Iraq crisis: Yazidi refugees need urgent help, UN warns
- 8 August 2014
- From the section Middle East
Emergency aid drops by the US are helping refugees trapped by Islamist militants in northern Iraq, but more must be done, a UN official has warned.
About 50,000 members of the Yazidi religious sect are surrounded by the Islamic State (IS) group in Iraq.
President Obama has authorised air strikes on the militants but says he will not send US troops back to Iraq.
The Sunni Muslim group, formerly known as Isis, now has control of large swathes of Iraq and Syria.
In June, IS took control of the northern Iraqi city of Mosul and advanced south towards Baghdad.
Its fighters seized Qaraqosh, Iraq's biggest Christian town, earlier this week.
Mr Obama said the Iraqi government had requested assistance and the US would act "carefully and responsibly, to prevent a potential act of genocide" against the Yazidi and Christian communities.
He said air strikes would be launched if IS fighters threatened Baghdad or the Kurdish capital Irbil, where many US diplomats and military advisers are based.
No air strikes have been launched yet but the US has dropped food and water to the Yazidis trapped on Mount Sinjar.
Dr Marzio Babille, Unicef's representative in Iraq, said the Yazidis were in an extremely precarious situation because of the "very aggressive and brutal" IS militants.
He said there were many "logistical and strategic difficulties", but added that a humanitarian corridor needed to be established.
The BBC's Jiyar Gol in Irbil says the Kurdish authorities are angry with Iraqi Prime Minister Nouri Maliki because they do not have good enough weapons to take on the militants.
IS fighters acquired large quantities of US arms and equipment when they took over Mosul and this has helped their advance, our correspondent adds.
Mr Maliki has faced calls from Sunni Arab, Kurdish and some Shia Arab leaders to step down because of his handling of the crisis.
They have also accused him of worsening the situation in Iraq by pursuing what they say are sectarian and authoritarian policies.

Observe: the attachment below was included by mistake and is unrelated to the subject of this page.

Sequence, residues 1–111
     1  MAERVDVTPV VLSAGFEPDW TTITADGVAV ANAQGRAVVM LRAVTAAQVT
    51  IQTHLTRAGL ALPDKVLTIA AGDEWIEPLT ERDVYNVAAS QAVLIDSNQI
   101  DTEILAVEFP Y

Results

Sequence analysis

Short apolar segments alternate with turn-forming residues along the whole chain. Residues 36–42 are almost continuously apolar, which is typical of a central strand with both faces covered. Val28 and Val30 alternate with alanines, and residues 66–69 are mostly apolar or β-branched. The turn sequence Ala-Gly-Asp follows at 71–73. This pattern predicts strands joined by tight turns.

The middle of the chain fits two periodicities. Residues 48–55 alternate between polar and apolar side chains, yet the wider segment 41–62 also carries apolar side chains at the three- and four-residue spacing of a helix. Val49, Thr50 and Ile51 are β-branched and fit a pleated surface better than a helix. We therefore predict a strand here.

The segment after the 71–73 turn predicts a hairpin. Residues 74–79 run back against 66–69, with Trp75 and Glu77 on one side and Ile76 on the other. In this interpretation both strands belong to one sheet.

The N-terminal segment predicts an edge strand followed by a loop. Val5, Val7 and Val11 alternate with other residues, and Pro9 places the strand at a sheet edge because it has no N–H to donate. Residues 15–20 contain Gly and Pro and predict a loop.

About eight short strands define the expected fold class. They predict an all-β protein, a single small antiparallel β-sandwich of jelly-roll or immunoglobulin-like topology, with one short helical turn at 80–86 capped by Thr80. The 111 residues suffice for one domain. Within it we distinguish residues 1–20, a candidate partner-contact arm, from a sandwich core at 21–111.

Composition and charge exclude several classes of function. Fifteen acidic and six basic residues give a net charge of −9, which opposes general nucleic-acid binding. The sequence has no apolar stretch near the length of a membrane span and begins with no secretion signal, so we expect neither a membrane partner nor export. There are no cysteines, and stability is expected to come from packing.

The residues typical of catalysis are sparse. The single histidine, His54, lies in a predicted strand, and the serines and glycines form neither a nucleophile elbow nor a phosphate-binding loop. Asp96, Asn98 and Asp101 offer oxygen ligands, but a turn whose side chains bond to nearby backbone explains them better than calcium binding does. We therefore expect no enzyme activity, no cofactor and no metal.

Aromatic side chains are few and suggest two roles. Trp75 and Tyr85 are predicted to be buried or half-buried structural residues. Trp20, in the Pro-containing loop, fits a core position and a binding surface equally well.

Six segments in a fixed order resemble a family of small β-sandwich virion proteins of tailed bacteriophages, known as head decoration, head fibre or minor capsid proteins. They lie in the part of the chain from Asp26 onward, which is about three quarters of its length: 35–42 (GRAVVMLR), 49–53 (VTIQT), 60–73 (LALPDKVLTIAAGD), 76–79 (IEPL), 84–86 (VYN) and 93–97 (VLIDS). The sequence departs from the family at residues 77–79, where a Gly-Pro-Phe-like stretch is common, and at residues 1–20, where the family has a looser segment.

As leader of the bloc that won the most seats in April's parliamentary elections, Mr Maliki has demanded the right to attempt to form a governing coalition.
But reports suggest Mr Maliki may have been forced to offer assurances that he would step down in return for military assistance from the US.
US Defence Secretary Chuck Hagel said in a statement Thursday night that dealing with IS would require greater political reconciliation and a stronger Iraqi military.
US personnel would provide increased support, he said, once Iraq has formed a new government.
Iraq's most senior Shia cleric - Grand Ayatollah Ali al-Sistani - put further pressure on Mr Maliki after saying that politicians who cling to their posts put the country in "grave danger".
He said "conflicts and differences" between political parties had "opened the door for the terrorists" and called on Iraq to unite.
"All Iraqis should unify ranks and intensify efforts in the face of this big danger that threatens their present and future," he said during his weekly Friday sermon.
- The majority are Chaldeans, part of the Catholic Church
- Numbers have fallen from around 1.5 million since the US-led invasion in 2003 to 350,000-450,000
- In Nineveh, they live mainly in towns such as Qaraqosh (also known as Baghdida), Bartella, Al-Hamdaniya and Tel Kef
- Secretive group whose origins and ethnicity are subject to continuing debate
- Religion incorporates elements of many faiths, including Zoroastrianism
- Many Muslims and other groups view Yazidis as devil worshippers
- There are estimated to be around 500,000 Yazidis worldwide, most living in Iraq's Nineveh plains